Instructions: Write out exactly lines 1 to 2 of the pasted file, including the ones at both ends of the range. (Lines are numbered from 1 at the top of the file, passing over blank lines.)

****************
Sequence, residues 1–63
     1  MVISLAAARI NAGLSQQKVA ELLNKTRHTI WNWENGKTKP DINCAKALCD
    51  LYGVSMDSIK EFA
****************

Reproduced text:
Sequence, residues 1–63
     1  MVISLAAARI NAGLSQQKVA ELLNKTRHTI WNWENGKTKP DINCAKALCD